Winter is coming fast and as a first time Vespa owner I put out some feelers on how to best store the Vespa. Cold or heated storage?, remove plugs?, empty gas? and many other questions came to mind.

The Vespa GTV-300 Service Manual recommends the following for periods of inactivity but does not address all of my questions:

Vespa Manual – Periods of inactivity (03_37)

We recommend carrying out the following operations:

  1. Clean the scooter thoroughly and then cover it with a canvas;
  2. With the engine off and the piston in the bottom dead centre position, remove the spark plug, and pour into its hole 1 to 2 cc of the recommended oil. Operate the starter button 1-2 times for roughly 1 second to turn the engine over slowly, then insert the spark plug again;
  3. Ensure that the fuel tank is at least half full (in order to ensure the total immersion of the fuel pump); spread antirust grease on the unpainted metal parts;
  4. keep the wheels lifted above the ground by resting the chassis on two wooden wedges;
  5. As regards the battery, follow the instructions in the “Battery” section.

Recommended products
Oil to lubricate flexible transmissions (throttle control)
Oil for 4-stroke engines

Battery Section: Long periods of inactivity

Battery performance will decrease if the vehicle is not used for a long time. This is the result of the natural phenomenon of battery discharging plus residual absorption by vehicle components with constant power consumption. Poor battery performance may also be due to environmental conditions and the cleanness of the poles. In order to avoid difficult starts and/or irreversible damage to the battery, follow any of these steps:

  1. At least once a month start the engine and run it slightly above idle speed for 10-15 minutes. This keeps all the engine components, as well as the battery, in good working order.
  2. Take your vehicle to a garage (as indicated in the “Vehicle not used for extended periods” section) to have the battery removed. Have the battery cleaned, charged fully and stored in a dry, ventilated place. Recharge at least once every two months.

The Conclusion

Well you can see from the above why I had some concerns and questions. Since I am not yet a mechanic and just purchased a set of tools, pouring oil into the spark plug hole and so on seems a little daunting.

So I went on-line to Modern Vespa and asked the question of what to do. I also sent a few e-mails to other “experts” (Vespa owners) and asked what they do. Funny enough, some people actually do nothing and seem to have no issues (so they say).

After reading all of the different suggestions, I have combined the best of the best and will attempt to store my Vespa in the following manner:

Storage Facility:

A friend’s garage. I was offered one that was not heated and another offered me a heated garage providing that they have the space after putting their lawn furniture inside. I prefer the heated garage.

Special Garage Floor Considerations:

Apparently concrete floors for all storage season is not good for the tires so I will put the bike on the center stand on a thick rubber mat that I presently use to avoid marks in my driveway.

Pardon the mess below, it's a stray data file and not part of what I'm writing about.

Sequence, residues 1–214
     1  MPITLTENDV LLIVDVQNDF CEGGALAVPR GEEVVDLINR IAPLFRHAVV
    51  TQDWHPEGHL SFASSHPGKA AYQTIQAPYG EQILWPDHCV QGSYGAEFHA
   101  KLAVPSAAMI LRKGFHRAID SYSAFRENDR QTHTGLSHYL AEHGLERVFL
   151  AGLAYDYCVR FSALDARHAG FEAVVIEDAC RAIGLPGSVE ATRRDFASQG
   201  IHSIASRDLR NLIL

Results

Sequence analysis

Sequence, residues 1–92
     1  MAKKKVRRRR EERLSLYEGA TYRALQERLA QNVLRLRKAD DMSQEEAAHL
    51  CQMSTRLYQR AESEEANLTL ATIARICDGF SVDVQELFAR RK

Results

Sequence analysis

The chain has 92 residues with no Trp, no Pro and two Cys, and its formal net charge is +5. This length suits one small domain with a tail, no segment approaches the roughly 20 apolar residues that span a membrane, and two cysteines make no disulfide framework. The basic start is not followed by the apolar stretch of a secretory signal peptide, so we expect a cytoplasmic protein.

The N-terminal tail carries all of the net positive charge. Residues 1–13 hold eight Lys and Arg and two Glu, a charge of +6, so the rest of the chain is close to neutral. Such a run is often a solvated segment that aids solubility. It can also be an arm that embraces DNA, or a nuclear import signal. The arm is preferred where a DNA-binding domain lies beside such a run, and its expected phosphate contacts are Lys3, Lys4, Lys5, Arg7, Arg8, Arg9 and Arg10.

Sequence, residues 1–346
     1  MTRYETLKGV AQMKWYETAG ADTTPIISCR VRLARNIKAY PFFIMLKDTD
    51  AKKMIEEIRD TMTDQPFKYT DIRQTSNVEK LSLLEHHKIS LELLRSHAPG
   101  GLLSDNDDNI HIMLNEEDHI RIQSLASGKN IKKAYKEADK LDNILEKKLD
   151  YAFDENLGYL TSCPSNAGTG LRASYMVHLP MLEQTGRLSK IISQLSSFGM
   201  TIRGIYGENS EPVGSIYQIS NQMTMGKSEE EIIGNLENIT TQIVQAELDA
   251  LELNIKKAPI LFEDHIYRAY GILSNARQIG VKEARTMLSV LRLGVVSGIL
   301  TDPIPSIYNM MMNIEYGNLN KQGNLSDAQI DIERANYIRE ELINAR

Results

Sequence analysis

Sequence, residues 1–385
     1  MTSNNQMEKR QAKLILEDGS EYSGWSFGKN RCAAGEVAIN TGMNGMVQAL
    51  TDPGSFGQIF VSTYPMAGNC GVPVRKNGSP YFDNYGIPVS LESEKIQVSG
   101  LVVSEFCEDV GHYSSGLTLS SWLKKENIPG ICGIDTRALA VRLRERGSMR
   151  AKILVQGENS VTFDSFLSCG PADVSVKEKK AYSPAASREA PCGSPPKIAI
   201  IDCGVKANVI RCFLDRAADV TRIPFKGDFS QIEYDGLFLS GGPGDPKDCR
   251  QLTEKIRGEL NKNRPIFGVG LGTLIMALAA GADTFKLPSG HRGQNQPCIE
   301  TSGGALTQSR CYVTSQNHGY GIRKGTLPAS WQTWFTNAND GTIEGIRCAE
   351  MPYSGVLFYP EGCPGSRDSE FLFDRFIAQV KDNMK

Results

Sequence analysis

Fuel Line Preparation:

In preparation for long-term storage, I will use SeaFoam Engine/Fuel Treatment in the gas tank. In order to ensure that it is throughout the system, I will use the SeaFoam for one complete tank prior to storage and then use it again for the final full tank just before putting it into the garage. This way I will be certain that the fuel/engine treatment is throughout the system.

Oil Change:

I will change the oil and filter in accordance with a previous post.

Fall Clean-Up:

Just prior to putting the Vespa into the final winter storage garage I will clean the Vespa completely. I will wash the scooter with warm water and soap and dry with a chamois. I will then spray and wipe with a lint free cloth the painted surfaces with Honda’s Pro Cleaner Polish. I find that this product does an excellent job and leaves the paint shiny, smooth and clean.

I will rub a thin layer of petroleum jelly on the chrome and will separate any jointed chrome parts and rub the joints with the jelly. This will help keep the chrome nice and rust/pit free. By the way, never use chrome polish. It removes the chrome a little each time until the chrome thickness becomes so small it will begin to tarnish from the metal underneath.

I will clean the tires and remove as much grease and grime from the engine compartment, under the fenders and so on.

I will rub the leather well with a leather conditioner and then spray the leather with a leather water-repellent used for boots.

The Vespa will be as nice as the day I rode her home.

At this point, I will roll the Vespa into her final winter resting place on the rubber and lift her up onto her center stand.

Spark Plug:

With the engine off and the piston in the bottom dead centre position (I have yet to figure this part out), remove the spark plug, and pour into its hole 1 to 2 cc of the Scoot 4 – 5w40 oil. Operate the starter button 1-2 times for roughly 1 second to turn the engine over slowly, then insert the spark plug again.


I will plug the Honda Battery Minder into the wall plug and into the connection on my Vespa. I had the connection permanently connected with a plug inside the front glove box.

The Cover:

I will cover the Vespa completely with the Vespa Cover.

Worst Part:

Closing the Garage Door and saying goodnight for 3-4 Months  Sad smile